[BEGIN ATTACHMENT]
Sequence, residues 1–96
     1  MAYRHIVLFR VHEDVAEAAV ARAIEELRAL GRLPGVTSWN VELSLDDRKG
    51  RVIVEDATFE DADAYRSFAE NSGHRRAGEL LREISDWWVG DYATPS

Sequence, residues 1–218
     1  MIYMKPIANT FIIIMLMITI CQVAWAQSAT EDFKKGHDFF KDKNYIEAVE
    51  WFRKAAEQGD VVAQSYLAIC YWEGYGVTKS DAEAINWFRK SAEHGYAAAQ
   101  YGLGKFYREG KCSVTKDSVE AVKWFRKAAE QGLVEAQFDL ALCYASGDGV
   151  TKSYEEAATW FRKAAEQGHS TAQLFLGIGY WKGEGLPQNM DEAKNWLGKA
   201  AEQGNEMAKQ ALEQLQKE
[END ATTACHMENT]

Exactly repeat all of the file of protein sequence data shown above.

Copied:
Sequence, residues 1–96
     1  MAYRHIVLFR VHEDVAEAAV ARAIEELRAL GRLPGVTSWN VELSLDDRKG
    51  RVIVEDATFE DADAYRSFAE NSGHRRAGEL LREISDWWVG DYATPS

Sequence, residues 1–218
     1  MIYMKPIANT FIIIMLMITI CQVAWAQSAT EDFKKGHDFF KDKNYIEAVE
    51  WFRKAAEQGD VVAQSYLAIC YWEGYGVTKS DAEAINWFRK SAEHGYAAAQ
   101  YGLGKFYREG KCSVTKDSVE AVKWFRKAAE QGLVEAQFDL ALCYASGDGV
   151  TKSYEEAATW FRKAAEQGHS TAQLFLGIGY WKGEGLPQNM DEAKNWLGKA
   201  AEQGNEMAKQ ALEQLQKE